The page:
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Angel Reapers


Photos by Joan Marcus



Reviewed by Eugene Paul



They were the most successful religious community in the country. In addition to their farming properties and industries, their  stunningly simple esthetic continues to affect millions with its beauty.  At their peak, they numbered 5,000. Today, there are six. These are the Shakers, more properly, the Society of Believers in the Second Coming  of Christ. They continue to fascinate.


You are part of director/choreographer/creator Martha Clarke’s vision as soon as you enter the theater where Angel Reapers is being performed at the Signature Center. You are part of the Shaker design as you clamber to your separate but equal ranks of audience seats either side of the stage area. The moment you set foot in their  Linney Theatre you are treading the bare, wooden floor of set designer Marsha Ginsberg’s starkly beautiful Shaker meeting house, the large room already occupied by lone Brother Jabez Stone (wonderful Matty Oaks) cabinet maker, in committed black Shaker garb, silent, eyes closed, palms upturned resting on his knees, slumped in meditation.  The silence remains undisturbed (except by us) even when Sister Agnes Renard (evocative Sophie Bortolussi) enters, seats herself on the other side of the room away from the male  and enters her own thoughts, silent.


Sophie Bortolussi and Sally Murphy 


Little by little, other members of the community enter the meeting house, the women here, the men there, both groups silent.  We study them in their two groups, all of them the same and all of them different. Despite the uniformity of dress the women  and the men wear in their separate and proscribed lives (the evanescent costumes by Donna Zanowska) we have yet to see them as individuals. Then, Sister Agnes laughs, more, and more heartily, until her uncontrolled laughter inspires laughing among all the women, then all the men, and the singing begins.  The community is at worship.


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Lindsey Dietz-Marchant & Cast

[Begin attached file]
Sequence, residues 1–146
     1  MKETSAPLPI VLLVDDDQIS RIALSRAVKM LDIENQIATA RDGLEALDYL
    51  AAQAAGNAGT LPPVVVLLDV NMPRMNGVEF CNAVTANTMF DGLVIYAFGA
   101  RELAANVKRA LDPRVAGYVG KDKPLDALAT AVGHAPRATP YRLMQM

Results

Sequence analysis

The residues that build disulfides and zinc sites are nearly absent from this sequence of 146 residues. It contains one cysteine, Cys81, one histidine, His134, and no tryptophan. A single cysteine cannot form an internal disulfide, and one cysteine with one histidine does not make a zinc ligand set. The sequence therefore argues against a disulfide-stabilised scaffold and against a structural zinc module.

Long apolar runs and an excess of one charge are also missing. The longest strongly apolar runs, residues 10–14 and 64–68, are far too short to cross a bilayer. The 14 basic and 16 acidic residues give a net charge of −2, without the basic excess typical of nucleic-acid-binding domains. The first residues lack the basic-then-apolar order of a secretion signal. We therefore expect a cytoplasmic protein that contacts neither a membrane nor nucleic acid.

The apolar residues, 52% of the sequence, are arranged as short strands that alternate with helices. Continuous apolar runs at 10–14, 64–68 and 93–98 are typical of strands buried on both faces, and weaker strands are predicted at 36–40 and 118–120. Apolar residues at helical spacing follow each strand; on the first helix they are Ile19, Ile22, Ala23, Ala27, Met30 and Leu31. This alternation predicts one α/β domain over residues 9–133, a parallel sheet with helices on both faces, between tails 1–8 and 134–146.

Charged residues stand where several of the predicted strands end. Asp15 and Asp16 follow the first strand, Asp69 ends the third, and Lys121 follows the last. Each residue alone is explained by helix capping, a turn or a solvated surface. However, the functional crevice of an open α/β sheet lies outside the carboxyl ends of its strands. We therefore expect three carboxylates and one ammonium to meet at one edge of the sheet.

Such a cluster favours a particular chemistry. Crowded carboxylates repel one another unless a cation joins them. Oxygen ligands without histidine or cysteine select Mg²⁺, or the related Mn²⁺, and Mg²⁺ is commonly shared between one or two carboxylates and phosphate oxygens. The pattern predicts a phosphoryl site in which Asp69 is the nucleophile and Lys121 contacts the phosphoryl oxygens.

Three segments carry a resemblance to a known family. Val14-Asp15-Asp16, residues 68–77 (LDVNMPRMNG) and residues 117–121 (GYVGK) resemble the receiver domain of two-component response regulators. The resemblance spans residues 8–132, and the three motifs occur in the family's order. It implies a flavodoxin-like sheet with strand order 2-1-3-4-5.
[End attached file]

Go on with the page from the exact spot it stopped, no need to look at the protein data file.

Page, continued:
The Shakers are known to have created thousands of songs, spirituals meant to be sung, songs meant to be danced all in honor and keeping with their Shaker faith, a faith we witness as their leader, Eldress Ann Lee (remarkable Sally Murphy)  sings, exhorts, dances, an equal –they are all equal – but plainly their leader. Arthur Solari, music director, combines sensitive dramatic empathies in his selection of nineteen a capella Shaker spirituals for  the worshiping and for the swirling story ballets.




The ballet–drama that Martha Clarke and playwright Alfred Uhry have fashioned adheres to her vision, his gifts added to hers, creating a story thread centered around rebellious orphan, youngest Brother Valentine ( fine Rico LeBron) being drawn to another orphan, Sister Mary Chase (excellent Ingrid Kapteyn) which culminates in a sexual coupling as the rest of the community weave in worship dancing, not only violating their very space but most damaging, the holiest tenet Mother Ann Lee has preached: celibacy, the driving force of their faith, their glue, and ultimately, their death. The frenzied dances and grapplings, all rhythms, movements, music coming from their own bodies, their own voices, sublimations, ecstasies, agonies, beauties, driven by the Shaker faith, transmuted into rapturous choreography, passionate singing.


But Martha Clarke’s vision is still a-borning. Since their last staging five years ago, the dance drama has grown and deepened. A direction has been found in story.  Shaker history has fascinated artists in the theater, chiefly in dance, but the Clarke-Uhry effort is the most defining, fulfillment hinted at in the stories of the others, of farmer Brother David Darrow (splendid Andrew Robinson) and his wife no longer, Sister Grace Darrow (touching Gabrielle Malone), together, yet separate in their community, with brother David the object of Brother Jabez reaching out for love and contact – their pas de deux is outstanding – and other stories: Brother Moses (vibrant Yon Tande) the runaway slave, Sister Susannah Farrington (inspired Lindsay Dietz-Marchant), an abused wife, Sister Hannah Cogswell (bracing Asli Bulbul) a convict, Brother William Lee (staunch Nicholas Bruder) brother of Mother Ann Lee, their leader, whose own story is so painful you wonder where her strength comes from.


We have been introduced.  We are left wanting more.


Angel Reapers. At the Signature Center, Pershing Square, 10th Avenue and 42nd Street. Tickets: $25. 212-244-7529. 75 min. Thru Mar 20.